The pain of the loss of their son after a Christmas Day bike crash was “a death sentence” for Terrylynn Doyle and Michael Weeks.
Ms Doyle said there was nothing that compared to her and Mr Weeks’s grief after 24-year-old Malik Weeks died just hours after the 2012 incident.
She added: “It is difficult to explain. You have to go on with your life, but it’s a death sentence for parents and a death sentence for the families.
“Is there anything that compares to it? No, absolutely not, nothing. The crazy thing about it is you can’t reconcile your mind to that type of loss.”
Ms Doyle added: “The first few years I had a lot of health issues. Five years later, I am not having these severe physical ailments, but I still have the emotional breakdowns — I just manage it better.
“I still have those impromptu moments where I can’t suppress it when I see someone that looks like him, walks like him, one of his classmates or it could be Maeisha [Malik’s daughter] doing something — the genes are so strong.”
Mr Weeks, the Government Whip, was at his son’s side when he died in the early hours of Boxing Day five years ago.
Ms Doyle, who was in Barbados on holiday with her second husband, faced a heartbreaking journey home after the news was broken to her.
Mr Weeks said that he was waiting for Malik to return home when he got the call every parent dreads and was told his son had been hurt in a crash and was on his way to hospital.
He added: “I remember it minute by minute. At 11.15pm I got a call. I thought it was him telling me he was on his way, but it was a police officer telling me to get to the hospital. I beat him there and they were taking him out of the ambulance.
“He was breathing hard, but he didn’t have any visible injuries — just a little nick on his knee. He couldn’t talk and he was unconscious but it didn’t seem critical until the doctor had to rush him to X-ray.
“Suddenly, they had to rush him back. They told everyone to get out of the room but I refused to go. I said I’m going to stand right here and watch you do what you have got to do.
“When Malik was pronounced dead, I stayed in the room looking over him, with everybody coming and going. The doctor asked if they could take him now and I said ‘yeah’. That was one of the hardest things in my life.”
Malik was riding home on Christmas night when he was involved in a single-vehicle crash on North Shore Road in Hamilton Parish.
The family said he was devoted to his daughter and planning which career direction to take.
They added he was a promising student and keen sports fan with a ready smile and a respectful manner.
It was standing room only at his funeral at the First Church of God on North Shore Road and the pastor, the Right Reverend Vernon Lambe, said he had never seen so many mourners for one so young.
Ms Doyle said: “From jump, he was special. He was a happy child, he was very smart and he was affectionate. When his friends came over, he would say ‘did you guys speak to my momma?’ If he was leaving the house, he would say ‘I love you’ whether his friends were there or not.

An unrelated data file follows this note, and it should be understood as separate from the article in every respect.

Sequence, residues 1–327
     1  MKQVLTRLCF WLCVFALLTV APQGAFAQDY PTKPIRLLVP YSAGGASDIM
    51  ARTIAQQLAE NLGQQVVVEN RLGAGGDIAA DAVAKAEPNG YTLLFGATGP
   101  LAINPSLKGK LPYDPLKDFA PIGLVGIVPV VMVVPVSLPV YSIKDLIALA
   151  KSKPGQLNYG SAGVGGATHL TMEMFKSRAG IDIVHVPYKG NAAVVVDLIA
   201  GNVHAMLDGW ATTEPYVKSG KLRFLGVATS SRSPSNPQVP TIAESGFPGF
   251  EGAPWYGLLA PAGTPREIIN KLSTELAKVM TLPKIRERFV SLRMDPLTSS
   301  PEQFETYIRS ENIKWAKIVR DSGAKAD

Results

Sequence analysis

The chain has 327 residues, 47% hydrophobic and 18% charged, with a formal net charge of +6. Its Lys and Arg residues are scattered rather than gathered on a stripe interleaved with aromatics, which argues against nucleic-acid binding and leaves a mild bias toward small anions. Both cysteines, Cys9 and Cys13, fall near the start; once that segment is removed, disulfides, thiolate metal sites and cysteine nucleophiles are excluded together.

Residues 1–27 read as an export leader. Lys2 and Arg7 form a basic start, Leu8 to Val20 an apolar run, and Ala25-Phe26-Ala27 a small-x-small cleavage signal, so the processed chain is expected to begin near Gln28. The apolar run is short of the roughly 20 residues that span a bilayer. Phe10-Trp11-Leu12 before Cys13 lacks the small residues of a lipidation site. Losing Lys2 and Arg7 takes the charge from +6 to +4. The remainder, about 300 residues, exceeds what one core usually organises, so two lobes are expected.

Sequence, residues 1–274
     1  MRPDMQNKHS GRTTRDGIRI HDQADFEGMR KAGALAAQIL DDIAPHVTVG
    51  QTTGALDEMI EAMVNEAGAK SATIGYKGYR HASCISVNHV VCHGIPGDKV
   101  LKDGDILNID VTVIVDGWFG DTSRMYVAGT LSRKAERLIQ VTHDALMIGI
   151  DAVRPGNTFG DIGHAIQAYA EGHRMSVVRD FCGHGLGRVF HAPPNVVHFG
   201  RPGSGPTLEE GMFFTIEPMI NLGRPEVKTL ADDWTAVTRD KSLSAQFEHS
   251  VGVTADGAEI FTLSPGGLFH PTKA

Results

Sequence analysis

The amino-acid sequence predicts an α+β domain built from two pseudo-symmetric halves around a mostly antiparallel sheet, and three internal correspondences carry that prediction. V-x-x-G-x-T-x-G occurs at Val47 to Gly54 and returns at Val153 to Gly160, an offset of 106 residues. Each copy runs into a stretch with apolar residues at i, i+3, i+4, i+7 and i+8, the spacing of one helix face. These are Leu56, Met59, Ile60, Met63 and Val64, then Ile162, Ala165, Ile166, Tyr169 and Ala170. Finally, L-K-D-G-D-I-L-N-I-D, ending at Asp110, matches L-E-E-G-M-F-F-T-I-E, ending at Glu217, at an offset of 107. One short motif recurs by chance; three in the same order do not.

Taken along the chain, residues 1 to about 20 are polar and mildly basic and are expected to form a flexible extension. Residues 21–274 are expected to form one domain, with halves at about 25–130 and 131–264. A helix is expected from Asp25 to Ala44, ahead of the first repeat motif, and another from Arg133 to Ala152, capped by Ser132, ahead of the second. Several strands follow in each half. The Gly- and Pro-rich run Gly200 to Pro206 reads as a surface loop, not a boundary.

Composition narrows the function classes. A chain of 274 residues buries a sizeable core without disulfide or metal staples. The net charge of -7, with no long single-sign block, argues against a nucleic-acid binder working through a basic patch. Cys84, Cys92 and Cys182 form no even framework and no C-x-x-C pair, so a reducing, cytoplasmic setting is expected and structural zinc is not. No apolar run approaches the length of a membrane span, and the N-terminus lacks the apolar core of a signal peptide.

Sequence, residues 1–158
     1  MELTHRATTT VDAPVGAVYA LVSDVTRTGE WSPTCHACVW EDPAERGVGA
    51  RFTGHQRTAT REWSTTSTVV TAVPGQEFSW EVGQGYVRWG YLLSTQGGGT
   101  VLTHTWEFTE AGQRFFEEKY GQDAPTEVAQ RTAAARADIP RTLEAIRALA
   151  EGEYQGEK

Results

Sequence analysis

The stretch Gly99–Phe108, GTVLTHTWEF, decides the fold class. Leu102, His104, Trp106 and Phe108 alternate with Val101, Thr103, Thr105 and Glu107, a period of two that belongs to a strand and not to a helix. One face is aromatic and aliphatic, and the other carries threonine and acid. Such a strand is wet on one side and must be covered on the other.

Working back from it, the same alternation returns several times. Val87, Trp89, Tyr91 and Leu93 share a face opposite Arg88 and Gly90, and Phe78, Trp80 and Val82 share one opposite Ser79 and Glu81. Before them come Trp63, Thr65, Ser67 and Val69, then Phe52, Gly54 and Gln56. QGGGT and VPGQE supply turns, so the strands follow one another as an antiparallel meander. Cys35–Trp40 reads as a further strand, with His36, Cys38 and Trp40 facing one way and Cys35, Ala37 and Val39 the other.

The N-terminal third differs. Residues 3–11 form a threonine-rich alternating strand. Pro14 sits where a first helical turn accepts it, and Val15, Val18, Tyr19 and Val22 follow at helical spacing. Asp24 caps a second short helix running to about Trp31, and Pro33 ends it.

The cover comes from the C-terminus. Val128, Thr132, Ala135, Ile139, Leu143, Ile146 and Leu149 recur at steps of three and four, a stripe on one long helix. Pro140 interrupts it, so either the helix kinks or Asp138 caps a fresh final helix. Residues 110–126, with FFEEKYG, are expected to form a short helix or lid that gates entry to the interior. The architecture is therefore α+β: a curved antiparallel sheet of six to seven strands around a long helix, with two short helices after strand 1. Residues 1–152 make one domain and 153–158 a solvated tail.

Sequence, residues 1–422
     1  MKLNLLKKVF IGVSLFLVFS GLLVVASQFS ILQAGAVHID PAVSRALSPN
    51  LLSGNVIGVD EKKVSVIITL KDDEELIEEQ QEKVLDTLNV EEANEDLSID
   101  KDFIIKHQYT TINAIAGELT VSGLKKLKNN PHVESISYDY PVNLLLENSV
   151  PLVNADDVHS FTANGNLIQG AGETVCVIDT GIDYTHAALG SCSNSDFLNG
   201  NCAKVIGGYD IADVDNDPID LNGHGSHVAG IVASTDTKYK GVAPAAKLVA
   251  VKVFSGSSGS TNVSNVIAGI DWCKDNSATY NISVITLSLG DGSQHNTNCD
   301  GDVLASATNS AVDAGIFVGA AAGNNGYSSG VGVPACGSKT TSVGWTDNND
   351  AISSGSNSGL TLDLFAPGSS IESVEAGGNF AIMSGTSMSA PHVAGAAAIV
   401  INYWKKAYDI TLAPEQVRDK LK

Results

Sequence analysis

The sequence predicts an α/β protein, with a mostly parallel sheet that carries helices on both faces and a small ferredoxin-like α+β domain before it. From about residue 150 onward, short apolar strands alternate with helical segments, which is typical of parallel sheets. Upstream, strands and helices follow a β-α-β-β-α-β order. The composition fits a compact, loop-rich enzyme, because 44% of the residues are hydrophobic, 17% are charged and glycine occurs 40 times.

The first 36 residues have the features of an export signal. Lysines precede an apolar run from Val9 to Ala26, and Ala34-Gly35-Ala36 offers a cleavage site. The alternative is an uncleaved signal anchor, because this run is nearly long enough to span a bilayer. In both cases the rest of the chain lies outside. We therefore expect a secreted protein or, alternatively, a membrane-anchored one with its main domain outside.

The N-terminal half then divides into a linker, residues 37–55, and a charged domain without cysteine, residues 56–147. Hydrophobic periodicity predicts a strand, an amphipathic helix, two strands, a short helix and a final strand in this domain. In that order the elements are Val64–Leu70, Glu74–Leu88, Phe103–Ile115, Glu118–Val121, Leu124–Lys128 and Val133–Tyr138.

“He really made an impression on one of his friends who was going through a tough time. Malik had tried to help him get a job because he had a child as well.”
Malik left behind not only his parents and a child, but sister Maeisha and brothers Marcus and Dalji.
Mr Weeks said he had to stay strong for his family and did not allow himself to deal with his own emotions for about a year, but there was one moment where the façade broke.
He choked back tears when he said: “One thing that broke my heart was when my granddaughter said to me ‘papa, can you be my daddy now?’
“You can see that still affects me. I don’t leave the island without first going to his graveside. It’s little things that keep me going.”
Ms Doyle, who turned out for the launch of The Royal Gazette’s Drive for Change campaign almost two weeks ago, said drivers and riders should consider the wider effects of poor driving and bad decisions.
She said: “Practise common sense and if you don’t care about yourselves, think about the people you leave behind. Malik won’t see his daughter graduate, walk her down the aisle or see her go to college — it’s hard.”
There was no obvious reason for Malik’s crash. Mr Weeks and Ms Doyle said that Bermuda’s roads were a serious hazard and immediate changes were needed to improve safety.
Mr Weeks said: “Other places have put things in place for roadside sobriety testing and speed cameras.
“Mr Anthony Santucci at Cada has been calling for roadside sobriety testing and speed cameras for years now.
“How many more are going to die before we say it is a state of emergency? There are too many parents who are losing their sons and not enough is being done.
“Is that an indictment on us as politicians? Yes, regardless of which party is in government because these roads are constantly taking our children.
“This is becoming the norm. We keep having the dialogue of ‘what are we going to do?’
“Now is the time for us to say enough is enough — what legislation are we going to put in place?”